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An outbreak of respiratory disease caused by COVID-19 has caught the world off guard. As death tolls rise and governments implement stringent measures to control its spread, members of the public show desire to help.
Testing as a means to manage and contain the disease has been recognised worldwide. This has spurred numerous initiatives including set-up of drive-through COVID-19 testing clinics. Currently, drive-through testing is performed by healthcare workers.
Using these drive-through clinics as inspiration, we propose integrating simulation to train volunteers from the public to perform safe testing of symptomatic patients for COVID-19 in the community.
Making simulation accessible
The initial uptake of simulation in contemporary healthcare education was first employed to prepare for crisis events. As we combat the COVID-19 pandemic, healthcare educators have a duty to expand the use of simulation beyond its dominant use in training and assessment to its full potential, including making it readily accessible and relevant to the public. We suggest Kneebone et al’s model of ‘distributed simulation’ as an easily accessible, widely available method to deliver a low-cost, ‘immersive’ simulated experience.1
This can be achieved by taking simulation away from the physical confines of a simulation facility and into the community. We envisage that this could be successful as learners and educators will be working towards a common goal with personal meaning.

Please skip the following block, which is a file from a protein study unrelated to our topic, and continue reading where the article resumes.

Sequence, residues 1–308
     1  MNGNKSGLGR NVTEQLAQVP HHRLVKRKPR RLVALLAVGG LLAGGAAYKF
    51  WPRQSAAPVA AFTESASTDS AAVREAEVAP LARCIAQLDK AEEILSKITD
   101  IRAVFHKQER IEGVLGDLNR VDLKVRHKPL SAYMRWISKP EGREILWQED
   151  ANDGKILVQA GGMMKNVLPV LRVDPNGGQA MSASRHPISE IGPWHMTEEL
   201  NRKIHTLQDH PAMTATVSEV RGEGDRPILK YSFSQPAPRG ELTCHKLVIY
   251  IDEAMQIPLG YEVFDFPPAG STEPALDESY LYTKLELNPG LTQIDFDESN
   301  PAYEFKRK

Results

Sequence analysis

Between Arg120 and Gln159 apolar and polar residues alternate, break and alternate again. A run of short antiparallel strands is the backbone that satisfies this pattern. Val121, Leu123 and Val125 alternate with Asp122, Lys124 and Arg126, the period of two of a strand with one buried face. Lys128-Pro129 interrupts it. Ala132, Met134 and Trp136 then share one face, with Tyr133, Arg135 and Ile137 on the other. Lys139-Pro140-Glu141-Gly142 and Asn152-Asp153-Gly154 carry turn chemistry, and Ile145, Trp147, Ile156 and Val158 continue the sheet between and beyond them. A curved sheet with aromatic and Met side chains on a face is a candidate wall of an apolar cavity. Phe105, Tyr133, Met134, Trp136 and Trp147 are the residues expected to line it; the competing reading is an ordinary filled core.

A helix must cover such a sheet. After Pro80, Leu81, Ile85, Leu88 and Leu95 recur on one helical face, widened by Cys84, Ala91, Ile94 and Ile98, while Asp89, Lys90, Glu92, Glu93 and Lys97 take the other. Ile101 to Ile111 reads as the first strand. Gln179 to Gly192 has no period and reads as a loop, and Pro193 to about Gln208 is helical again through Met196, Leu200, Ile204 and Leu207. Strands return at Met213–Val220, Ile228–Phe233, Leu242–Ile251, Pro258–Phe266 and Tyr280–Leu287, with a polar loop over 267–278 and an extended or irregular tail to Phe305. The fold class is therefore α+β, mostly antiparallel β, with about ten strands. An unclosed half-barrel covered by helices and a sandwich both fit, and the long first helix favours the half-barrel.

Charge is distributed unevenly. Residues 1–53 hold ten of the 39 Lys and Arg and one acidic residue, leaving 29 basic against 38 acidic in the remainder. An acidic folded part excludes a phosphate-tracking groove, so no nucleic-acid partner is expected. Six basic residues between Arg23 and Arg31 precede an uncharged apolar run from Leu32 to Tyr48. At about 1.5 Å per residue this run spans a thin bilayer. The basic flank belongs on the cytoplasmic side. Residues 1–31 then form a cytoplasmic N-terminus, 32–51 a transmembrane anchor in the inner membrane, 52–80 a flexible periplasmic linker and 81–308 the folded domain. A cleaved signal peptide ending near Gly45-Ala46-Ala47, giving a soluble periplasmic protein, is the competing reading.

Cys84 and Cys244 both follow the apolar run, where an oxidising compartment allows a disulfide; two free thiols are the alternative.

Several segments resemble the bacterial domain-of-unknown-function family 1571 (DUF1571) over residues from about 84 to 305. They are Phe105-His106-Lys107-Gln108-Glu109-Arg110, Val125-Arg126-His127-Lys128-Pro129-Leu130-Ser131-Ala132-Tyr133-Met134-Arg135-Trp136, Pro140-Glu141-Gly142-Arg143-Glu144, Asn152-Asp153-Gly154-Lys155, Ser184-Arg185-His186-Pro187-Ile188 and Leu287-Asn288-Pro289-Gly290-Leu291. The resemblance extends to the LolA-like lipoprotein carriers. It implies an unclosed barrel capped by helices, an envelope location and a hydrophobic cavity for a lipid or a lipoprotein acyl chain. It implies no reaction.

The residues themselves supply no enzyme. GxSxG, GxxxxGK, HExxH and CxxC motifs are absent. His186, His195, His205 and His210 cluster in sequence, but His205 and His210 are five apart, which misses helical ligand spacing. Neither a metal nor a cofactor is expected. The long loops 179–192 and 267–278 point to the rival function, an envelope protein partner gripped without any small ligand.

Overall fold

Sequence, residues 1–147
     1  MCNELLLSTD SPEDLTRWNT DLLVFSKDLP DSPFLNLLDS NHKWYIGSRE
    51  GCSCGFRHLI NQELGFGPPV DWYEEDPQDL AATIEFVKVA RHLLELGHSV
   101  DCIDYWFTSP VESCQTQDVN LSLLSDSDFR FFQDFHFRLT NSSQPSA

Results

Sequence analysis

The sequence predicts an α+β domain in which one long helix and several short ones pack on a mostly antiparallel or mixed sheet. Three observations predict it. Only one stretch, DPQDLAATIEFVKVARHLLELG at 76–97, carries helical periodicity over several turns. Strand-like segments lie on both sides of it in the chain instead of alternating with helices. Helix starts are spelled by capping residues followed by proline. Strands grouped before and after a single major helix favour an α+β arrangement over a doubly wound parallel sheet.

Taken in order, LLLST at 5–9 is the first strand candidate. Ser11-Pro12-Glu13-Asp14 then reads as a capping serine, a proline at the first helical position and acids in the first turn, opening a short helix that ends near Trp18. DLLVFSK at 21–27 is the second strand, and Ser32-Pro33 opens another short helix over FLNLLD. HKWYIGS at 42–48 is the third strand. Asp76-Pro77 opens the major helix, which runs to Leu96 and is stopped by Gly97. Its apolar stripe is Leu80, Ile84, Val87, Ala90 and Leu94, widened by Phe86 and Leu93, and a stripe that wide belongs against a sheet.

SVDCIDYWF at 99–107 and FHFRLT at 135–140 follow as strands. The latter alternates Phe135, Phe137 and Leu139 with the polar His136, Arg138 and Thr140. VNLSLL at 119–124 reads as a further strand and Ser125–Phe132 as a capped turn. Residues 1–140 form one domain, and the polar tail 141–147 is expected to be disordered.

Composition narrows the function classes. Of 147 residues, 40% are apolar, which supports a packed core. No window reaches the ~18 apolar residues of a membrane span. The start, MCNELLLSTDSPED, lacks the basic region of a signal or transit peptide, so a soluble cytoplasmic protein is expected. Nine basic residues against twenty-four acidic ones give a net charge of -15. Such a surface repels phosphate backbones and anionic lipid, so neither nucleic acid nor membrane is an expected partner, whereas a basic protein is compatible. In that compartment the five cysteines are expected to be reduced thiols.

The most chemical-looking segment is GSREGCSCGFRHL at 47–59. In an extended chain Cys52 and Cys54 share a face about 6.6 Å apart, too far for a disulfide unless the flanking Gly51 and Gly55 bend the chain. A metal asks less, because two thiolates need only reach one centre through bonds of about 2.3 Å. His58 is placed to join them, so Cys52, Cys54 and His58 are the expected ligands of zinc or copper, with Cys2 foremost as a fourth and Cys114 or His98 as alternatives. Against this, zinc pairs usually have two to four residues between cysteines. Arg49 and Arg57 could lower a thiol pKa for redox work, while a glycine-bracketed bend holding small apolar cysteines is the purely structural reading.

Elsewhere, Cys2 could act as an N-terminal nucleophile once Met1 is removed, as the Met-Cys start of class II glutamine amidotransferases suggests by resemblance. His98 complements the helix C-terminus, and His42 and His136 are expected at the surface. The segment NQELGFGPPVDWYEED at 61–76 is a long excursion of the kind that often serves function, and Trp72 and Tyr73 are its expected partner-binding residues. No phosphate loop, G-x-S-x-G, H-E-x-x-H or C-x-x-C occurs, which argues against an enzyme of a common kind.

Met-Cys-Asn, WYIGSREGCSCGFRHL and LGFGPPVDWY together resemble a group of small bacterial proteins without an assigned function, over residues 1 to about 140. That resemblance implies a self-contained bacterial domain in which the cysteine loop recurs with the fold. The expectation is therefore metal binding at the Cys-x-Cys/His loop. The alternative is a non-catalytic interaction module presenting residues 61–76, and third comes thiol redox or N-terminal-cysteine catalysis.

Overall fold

COVID-SIM: a low-cost, mobile simulator
Volunteers from the public, ideally with a basic understanding of infection control, for example, from the food handling industry, biomedical laboratories.
Simulated ‘test centres’ to train volunteers on safely donning and doffing personal protective equipment (PPE) and swabbing symptomatic patients for COVID-19.
Alleviate pressures posed on the healthcare system, allowing greater numbers of nurses and paramedics to return to the front line.
Safely teach new skills to volunteers.
Create a representation of ‘safe swabbing’ for the purposes of practice.
Extend the benefits of simulation to the community.
Provide a safe space for learners for feedback and debriefing.
In the preparation phase, comprehensive and achievable intended learning objectives should be set around the use of PPE, appropriate sample collection and communicating with patients. We propose that educators use a low-technology manikin head, PPE and testing kits to deliver situated training in the community, based on a standardised protocol.
Following an introduction and demonstration of the simulators, volunteers will learn through practice and experimentation. The educator’s role will be to provide ‘Vygotskian’-style ‘scaffolding’, encouraging novice learners to experiment and providing support and feedback when required to advance learning.2 A formal debrief will conclude each session (figure 1).
Simulation-based instructional design
The simulation design progressively layers and integrates skills as follows:
Stage 1: skills-based simulations
Safe donning and doffing of PPE (demonstration, practice with PPE, feedback).
Swabbing of patients (demonstration, practice with swabs and manikin heads, feedback).
Communication for gaining consent, explanation of the procedure and process of obtaining test results (demonstration, role-play, feedback).
Stage 2: scenario-based simulations
Task performance using the manikin in a ‘car’, with the voice of an educator/volunteer (briefing, experimentation, simulation practice, debriefing).